The Chinese Embassy in Brazil accuses the United States of “grossly interfering” in its relations with Brazil by appealing for the South American country to ban Huawei from the development of its 5G networks.
The accusation came in a statement issued on Friday, in a response to US Under Secretary for Economic Growth, Energy and the Environment, Keith Krach, calling on Brazil to renounce Huawei, in an op-ed article published by Brazil’s O Globo.
Krach´s article, says the Chinese Embassy, contains “malicious defamations and political manipulations”, seeking to discredit Huawei, and “grossly interferes with normal Sino-Brazilian cooperation”.
“Huawei, a world-renowned private company, has no cybersecurity incidents, no case of espionage and surveillance in the information network, equipment and services provided to more than 170 countries and territories” and “there is also no evidence that the company’s products have devices for this purpose, the so-called ‘backdoor’”, the Embassy says.
According to the statement, “the United States, for its part, has a scandalous cybersecurity record” , namely the US National Security Agency´s (NSA) alleged use of surveillance backdoors into equipment and devices produced by US firms, allowing it to collect highly sensitive information from companies and users, and even national presidents, in various countries, including those in Latin America.
“In addition, they have used state power to curb Chinese high-tech companies, under the pretext of preserving national security, interfering in the choice of 5G supplier in other countries”, using “deceit, intimidation, coercion” to maintain its cyber surveillance network and digital hegemony“.
“These practices, typical of technological bullying, are a gross violation of the rules of international trade cooperation, the principles of world trade and the rules of the market,” the Embassy underlined.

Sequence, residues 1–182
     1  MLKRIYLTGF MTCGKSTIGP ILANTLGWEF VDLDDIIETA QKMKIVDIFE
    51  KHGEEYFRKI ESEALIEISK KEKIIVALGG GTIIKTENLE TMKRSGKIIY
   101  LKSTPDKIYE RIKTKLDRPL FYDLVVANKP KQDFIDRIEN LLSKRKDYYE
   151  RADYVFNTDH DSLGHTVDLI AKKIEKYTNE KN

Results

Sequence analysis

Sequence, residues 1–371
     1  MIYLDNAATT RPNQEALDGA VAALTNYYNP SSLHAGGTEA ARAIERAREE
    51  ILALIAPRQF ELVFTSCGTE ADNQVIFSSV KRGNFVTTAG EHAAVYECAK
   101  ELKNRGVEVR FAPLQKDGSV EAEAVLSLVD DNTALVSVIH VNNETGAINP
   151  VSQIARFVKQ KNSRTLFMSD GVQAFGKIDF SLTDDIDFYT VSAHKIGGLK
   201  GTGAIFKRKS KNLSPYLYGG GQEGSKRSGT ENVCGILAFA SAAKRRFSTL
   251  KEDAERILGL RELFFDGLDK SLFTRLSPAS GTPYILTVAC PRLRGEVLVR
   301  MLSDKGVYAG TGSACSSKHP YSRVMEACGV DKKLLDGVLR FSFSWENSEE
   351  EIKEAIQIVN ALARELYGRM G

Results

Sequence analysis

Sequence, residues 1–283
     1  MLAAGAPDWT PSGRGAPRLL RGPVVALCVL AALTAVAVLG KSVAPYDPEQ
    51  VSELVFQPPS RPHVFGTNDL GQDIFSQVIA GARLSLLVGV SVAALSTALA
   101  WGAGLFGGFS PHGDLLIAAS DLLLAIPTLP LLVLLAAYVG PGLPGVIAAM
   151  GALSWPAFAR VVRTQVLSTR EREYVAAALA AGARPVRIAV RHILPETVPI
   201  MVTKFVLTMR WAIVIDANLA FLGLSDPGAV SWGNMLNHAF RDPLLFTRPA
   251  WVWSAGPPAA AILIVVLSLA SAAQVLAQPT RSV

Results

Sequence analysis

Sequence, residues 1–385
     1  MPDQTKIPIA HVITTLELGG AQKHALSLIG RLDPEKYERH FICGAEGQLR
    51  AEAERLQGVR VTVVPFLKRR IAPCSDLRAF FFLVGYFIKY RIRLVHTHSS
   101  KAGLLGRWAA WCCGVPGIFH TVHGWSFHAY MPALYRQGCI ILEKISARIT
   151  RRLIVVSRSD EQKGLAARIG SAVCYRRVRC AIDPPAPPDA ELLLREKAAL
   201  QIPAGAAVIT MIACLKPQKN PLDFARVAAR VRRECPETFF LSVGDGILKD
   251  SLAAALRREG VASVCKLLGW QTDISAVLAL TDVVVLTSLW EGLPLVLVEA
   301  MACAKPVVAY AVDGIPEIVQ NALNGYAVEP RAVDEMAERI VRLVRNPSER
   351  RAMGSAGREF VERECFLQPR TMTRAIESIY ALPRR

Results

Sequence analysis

Brazil has been under heavy pressure from the US government to veto Huawei’s technology, a decision that will be taken by President Jair Bolsonaro, who has already said that 5G is also a matter of “foreign policy”.
Brazil’s vice president, Hamilton Mourão, recently said that no network provider could be banned from the country and he pointed out that Huawei equipment has been used in Brazilian networks for years and that more than a third of the nation’s 4G networks already use the company’s systems.
The vice president also said that Brazil does not fear possible retaliation from the US, arguing that the country does not share sensitive security information with Washington.
Last week, US Under Secretary for Economic Growth, Energy and the Environment, Keith Krach called Huawei “the backbone of China’s worldwide surveillance state”, saying the US will stand with “Brazilian partners against any Chinese coercion or bullying”.
The official also said 5G networks are critical to a country’s “most sensitive personal, commercial, and governmental data” and listed Sweden’s Ericsson, Finland’s Nokia and Samsung from South Korea as trusted firms.
“[Huawei] presents itself as a private and independent company, yet it must abide by China’s National Intelligence Law by turning over private citizen and business data to the Chinese government upon request”, Krach added in his op-ed.
“This means any nation that trusts Huawei with its communications networks gives the Chinese government a key that can unlock the door to any data that crosses those networks, including text messages, intellectual property, and sensitive business and government communications,” he added.
Beijing has slammed U.S. warnings of “consequences” if Brazil chooses Chinese telecom company Huawei to develop its 5G network, accusing Washington of “unscrupulous oppression” of the Chinese tech companies.